call, Petty officer of the guard, post number ____,
6. To receive, obey, and pass on to the sentry who
relieves me all orders from the commanding officer,
officer of the day, and officers and petty officers of the
guard only. During your tour of duty, you are subject to
the orders of the CO, XO, OOD, and the officers and
petty officers of the guard only. Other officers and petty
officers have no authority to take or inspect your weapon,
to tell you how to stand your watch, or to order you to
leave your post. Such other officers, however, still have
the authority to investigate your conduct and to report it.
Thus an enemy agent cannot dress up in an officers
uniform and order you from your post. You obey orders
only from officers whom you know are authorized to give
you commands related to your sentry duty. However, a
passing naval officer who believes you are standing a
poor watch may ask your name and post and report any
observations to your superiors.
7. To talk to no one except in the line of duty.
When you challenge or talk with a person, take the
position of port arms. Answer questions briefly but
courteously. Normally, if you maintain silence and
military bearing, visitors will not try to engage you in
long conversations. If, however, visitors or other naval
personnel show a desire to pass the time of day with you,
you must say politely to them Excuse me, I am on duty
and cannot talk with you further. Please move on. If they
refuse to move on or show signs of becoming disorderly,
you should call for the petty officer of the guard.
Remember, if your superiors see you chatting while on
duty, they will hold you responsible-not your visitor.
8. To give the alarm in case of fire or disorder. In
case of fire, you immediately call, Fire, post number
____ and sound whatever alarm is available. When you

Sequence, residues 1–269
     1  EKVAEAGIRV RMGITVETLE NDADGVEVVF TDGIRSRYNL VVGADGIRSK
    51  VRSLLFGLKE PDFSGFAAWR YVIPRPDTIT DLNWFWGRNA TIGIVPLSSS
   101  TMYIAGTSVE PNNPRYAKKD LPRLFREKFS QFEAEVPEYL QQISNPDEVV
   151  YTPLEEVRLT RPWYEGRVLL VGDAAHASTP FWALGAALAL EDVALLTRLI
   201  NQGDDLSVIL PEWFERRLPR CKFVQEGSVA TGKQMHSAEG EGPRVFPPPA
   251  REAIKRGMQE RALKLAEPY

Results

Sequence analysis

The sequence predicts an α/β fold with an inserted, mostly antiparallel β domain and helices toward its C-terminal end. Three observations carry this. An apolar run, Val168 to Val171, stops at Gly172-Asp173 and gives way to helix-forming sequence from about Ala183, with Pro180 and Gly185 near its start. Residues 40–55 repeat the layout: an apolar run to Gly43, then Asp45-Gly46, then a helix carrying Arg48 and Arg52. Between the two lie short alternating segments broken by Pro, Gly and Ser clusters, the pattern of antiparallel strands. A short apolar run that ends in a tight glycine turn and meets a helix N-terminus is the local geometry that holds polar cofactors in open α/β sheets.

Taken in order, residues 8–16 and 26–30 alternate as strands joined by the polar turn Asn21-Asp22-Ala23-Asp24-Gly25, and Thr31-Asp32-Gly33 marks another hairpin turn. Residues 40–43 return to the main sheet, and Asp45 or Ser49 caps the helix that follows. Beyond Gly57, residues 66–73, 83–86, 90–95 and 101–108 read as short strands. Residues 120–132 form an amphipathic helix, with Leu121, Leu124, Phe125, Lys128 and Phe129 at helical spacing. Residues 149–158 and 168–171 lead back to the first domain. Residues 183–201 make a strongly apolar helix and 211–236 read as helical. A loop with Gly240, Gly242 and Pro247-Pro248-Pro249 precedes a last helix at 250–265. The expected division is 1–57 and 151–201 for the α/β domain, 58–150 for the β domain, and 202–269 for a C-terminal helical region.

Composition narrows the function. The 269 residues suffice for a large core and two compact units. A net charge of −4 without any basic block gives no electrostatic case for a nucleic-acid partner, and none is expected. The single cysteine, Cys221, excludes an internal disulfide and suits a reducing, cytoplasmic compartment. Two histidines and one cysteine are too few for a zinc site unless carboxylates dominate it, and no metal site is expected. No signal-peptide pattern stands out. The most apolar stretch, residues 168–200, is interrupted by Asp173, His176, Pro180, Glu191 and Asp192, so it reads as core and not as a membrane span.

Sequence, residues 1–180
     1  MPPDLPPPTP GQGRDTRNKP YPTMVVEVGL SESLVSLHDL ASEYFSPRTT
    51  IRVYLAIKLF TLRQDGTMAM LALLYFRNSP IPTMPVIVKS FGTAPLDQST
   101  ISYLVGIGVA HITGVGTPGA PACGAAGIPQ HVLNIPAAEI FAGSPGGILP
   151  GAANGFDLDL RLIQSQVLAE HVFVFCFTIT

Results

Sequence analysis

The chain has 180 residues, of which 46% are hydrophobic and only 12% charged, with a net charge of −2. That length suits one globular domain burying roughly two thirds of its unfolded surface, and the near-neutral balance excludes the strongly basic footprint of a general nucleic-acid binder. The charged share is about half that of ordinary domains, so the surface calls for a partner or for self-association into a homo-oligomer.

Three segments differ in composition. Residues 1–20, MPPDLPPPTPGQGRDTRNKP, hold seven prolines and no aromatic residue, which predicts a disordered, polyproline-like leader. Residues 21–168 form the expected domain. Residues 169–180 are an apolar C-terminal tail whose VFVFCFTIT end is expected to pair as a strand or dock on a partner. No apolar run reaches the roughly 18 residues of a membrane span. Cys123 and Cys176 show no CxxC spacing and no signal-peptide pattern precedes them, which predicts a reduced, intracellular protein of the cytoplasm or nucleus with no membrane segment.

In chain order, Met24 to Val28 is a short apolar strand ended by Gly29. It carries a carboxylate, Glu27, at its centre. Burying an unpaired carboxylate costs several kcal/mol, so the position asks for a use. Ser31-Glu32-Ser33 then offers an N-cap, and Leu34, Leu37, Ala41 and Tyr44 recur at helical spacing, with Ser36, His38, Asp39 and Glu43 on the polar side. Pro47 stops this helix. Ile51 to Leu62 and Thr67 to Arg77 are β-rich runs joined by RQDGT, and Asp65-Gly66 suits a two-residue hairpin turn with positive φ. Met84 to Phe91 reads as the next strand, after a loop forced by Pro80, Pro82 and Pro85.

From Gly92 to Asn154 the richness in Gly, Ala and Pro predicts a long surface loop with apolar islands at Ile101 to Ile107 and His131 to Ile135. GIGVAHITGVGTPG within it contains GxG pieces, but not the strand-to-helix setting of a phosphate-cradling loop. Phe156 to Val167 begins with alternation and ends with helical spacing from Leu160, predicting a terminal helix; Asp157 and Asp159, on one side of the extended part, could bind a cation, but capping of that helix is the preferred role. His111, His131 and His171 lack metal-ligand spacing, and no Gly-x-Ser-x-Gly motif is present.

are sure your alarm has been heard by the other sentries
or by the petty officer of the guard see what you can do
to put out the fire. (If you can do so safely and without
leaving your post, do so; otherwise, remain where you
can direct apparatus to the fire.)
Remember that the fire may be a trick to lure you
away from your post. You must remain vigilant (alert),
even amid the confusion and excitement that
accompanies a fire.
What we have said about fire applies also for
disorder. In the event of a disorder, call the guard
immediately; then try to quiet the trouble. If you
approach the disorder first, you might be overcome and
then could not give the alarm. Sometimes you can stop a
disorder before it becomes too serious by calling to the
persons involved, I have reported you to the guard, who
will be along immediately. Come to order now; further
trouble will make matters worse for you. The persons
concerned might realize you are right and follow your
orders. If they do, maintain watch over them but do not
approach too closely. Keep your weapon at port arms.
9. To call the petty officer of the guard in any
case not covered by instructions. When you do not
know what to do, call the petty officer of the guard.
10. To salute all officers and all colors and
standards not cased. As used here, colors and standards
both refer to the national ensign. The ensign is called the
national colors (or just colors) when it is flying from a
staff or pike carried by an individual or displayed in a
fixed location, as from a flagpole. When mounted on a
vehicle, the ensign is called the national standard. (Colors
and standards are cased when they are furled and placed
in a protective covering.) For sentries, the rules for
saluting are the same as those described in chapter 9 of
this manual with the following modifications:
a. If you are walking your post or patrolling
while armed with a rifle, you halt and salute
by presenting arms; when at sling arms, you
render the hand salute.
b. If youre in a sentry box, you stand at
attention in the doorway when an officer
approaches; if youre armed with a rifle, you
present arms. If otherwise armed, render the
hand salute. If youre on duty in front of a
building or passageway entrance where
there is heavy traffic of officers, you may
render the rifle salute at order arms. If youre
in conversation with an officer, you dont
interrupt the conversation to salute another
officer. If the officer with you salutes a
senior, however, then you also salute.
c. During the time of challenging, you dont
salute an officer until the officer has
advanced and has been duly recognized. You
dont salute if to do so will interfere with the
proper execution of your specific duties.